Organized Interests…Do They Represent You?
Ch. 11 discusses the pros and cons of Organized Interest Groups (sometimes called Special Interest Groups or just Interest Groups.) It discusses the differences between labor unions, professional associations, trade associations, public interest groups, single-issue interest groups and even government groups that lobby government (intergovernmental interest groups)! The authors also discuss how interest groups represent a variety of people, serve to educate, can be a “watchdog” over the government, and work to get their favorite candidates elected to office. But when it talks about “Winners and Losers” (pp 366-7) it gives an example of one”loser group” being Texas’ college students. After reading about the pluralist perspective and hyperpluralism, discuss why Texas’ college students may be losing out to organized interest groups.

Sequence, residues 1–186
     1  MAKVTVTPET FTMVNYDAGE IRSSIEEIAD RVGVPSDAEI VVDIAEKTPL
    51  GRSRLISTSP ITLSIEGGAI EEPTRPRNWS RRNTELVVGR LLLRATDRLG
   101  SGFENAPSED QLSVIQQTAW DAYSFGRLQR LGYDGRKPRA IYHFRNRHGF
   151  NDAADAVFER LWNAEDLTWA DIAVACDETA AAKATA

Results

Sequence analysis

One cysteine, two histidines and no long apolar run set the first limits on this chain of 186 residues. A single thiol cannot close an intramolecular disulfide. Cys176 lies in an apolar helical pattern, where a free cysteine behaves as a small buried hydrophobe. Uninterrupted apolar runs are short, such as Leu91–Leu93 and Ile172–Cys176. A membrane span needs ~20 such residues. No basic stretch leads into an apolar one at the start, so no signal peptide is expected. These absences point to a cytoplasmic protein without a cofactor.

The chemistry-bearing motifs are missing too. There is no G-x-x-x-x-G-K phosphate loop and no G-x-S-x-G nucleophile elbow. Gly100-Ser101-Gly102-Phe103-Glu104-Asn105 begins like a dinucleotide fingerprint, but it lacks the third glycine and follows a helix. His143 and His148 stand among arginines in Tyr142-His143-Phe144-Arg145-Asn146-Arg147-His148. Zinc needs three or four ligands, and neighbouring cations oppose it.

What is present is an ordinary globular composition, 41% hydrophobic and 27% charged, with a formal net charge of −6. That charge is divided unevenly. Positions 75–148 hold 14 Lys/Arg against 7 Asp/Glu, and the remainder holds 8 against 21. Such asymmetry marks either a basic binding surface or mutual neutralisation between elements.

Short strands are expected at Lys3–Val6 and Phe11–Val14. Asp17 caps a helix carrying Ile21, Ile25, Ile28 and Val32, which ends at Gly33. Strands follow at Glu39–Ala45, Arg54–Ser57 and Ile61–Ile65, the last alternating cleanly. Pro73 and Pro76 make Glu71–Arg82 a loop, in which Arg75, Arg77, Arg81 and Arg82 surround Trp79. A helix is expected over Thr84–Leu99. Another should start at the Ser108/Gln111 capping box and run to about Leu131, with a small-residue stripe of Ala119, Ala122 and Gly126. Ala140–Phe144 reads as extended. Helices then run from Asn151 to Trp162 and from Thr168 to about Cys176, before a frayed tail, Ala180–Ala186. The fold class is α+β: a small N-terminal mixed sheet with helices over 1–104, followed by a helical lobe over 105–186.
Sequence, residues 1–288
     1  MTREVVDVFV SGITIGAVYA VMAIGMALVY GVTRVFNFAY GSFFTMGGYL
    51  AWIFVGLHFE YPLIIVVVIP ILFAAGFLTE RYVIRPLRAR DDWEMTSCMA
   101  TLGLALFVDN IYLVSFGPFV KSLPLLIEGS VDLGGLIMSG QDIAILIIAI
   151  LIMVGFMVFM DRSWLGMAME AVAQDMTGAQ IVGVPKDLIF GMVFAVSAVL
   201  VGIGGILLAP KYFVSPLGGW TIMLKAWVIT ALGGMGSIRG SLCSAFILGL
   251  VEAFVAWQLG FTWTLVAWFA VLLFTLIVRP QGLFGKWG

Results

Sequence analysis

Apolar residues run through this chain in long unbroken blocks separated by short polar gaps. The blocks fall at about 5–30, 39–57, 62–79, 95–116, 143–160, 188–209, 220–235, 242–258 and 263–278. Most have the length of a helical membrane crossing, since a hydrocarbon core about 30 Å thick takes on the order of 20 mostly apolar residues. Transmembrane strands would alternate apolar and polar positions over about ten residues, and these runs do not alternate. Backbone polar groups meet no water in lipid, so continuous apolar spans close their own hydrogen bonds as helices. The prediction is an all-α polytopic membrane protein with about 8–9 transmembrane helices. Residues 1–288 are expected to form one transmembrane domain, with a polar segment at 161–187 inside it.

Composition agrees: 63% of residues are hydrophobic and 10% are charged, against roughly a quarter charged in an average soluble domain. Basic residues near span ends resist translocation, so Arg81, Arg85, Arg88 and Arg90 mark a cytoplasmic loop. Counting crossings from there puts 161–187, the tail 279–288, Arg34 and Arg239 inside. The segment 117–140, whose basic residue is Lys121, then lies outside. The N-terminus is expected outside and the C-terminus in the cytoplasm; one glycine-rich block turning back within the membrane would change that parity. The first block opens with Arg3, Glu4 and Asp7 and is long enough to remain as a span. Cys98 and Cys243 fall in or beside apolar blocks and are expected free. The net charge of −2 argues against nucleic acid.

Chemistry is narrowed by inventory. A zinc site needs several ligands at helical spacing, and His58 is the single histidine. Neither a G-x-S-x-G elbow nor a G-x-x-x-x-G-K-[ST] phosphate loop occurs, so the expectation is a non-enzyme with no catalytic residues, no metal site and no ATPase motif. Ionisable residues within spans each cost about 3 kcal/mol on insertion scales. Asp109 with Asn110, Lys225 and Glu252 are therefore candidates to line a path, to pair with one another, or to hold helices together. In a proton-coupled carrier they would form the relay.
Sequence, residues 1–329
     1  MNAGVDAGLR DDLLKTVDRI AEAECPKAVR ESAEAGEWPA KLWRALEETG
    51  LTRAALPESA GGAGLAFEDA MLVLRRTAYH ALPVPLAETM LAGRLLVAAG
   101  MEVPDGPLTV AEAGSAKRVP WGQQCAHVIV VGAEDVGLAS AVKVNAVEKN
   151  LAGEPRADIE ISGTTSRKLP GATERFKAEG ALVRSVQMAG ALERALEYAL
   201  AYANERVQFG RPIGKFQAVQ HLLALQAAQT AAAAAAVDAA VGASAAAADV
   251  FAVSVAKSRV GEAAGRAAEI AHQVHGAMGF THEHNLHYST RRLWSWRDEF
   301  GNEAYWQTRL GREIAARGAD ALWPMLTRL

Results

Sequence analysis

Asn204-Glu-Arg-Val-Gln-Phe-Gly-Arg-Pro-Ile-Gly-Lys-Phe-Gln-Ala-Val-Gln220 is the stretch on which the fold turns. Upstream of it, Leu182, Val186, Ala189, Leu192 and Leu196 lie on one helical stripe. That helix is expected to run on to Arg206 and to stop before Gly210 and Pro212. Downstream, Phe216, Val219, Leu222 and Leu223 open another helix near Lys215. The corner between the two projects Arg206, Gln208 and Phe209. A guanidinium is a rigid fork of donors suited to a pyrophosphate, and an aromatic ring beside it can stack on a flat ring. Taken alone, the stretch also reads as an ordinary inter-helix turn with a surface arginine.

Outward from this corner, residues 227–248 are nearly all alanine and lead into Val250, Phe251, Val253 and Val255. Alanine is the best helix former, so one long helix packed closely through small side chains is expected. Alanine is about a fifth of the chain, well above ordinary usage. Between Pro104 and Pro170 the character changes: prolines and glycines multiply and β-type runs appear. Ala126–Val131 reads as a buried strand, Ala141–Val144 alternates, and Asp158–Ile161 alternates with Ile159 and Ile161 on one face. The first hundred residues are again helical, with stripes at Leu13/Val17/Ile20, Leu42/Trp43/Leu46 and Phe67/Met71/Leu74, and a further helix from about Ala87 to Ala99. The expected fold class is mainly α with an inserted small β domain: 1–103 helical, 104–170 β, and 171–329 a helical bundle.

This needs to be about a paragraph long.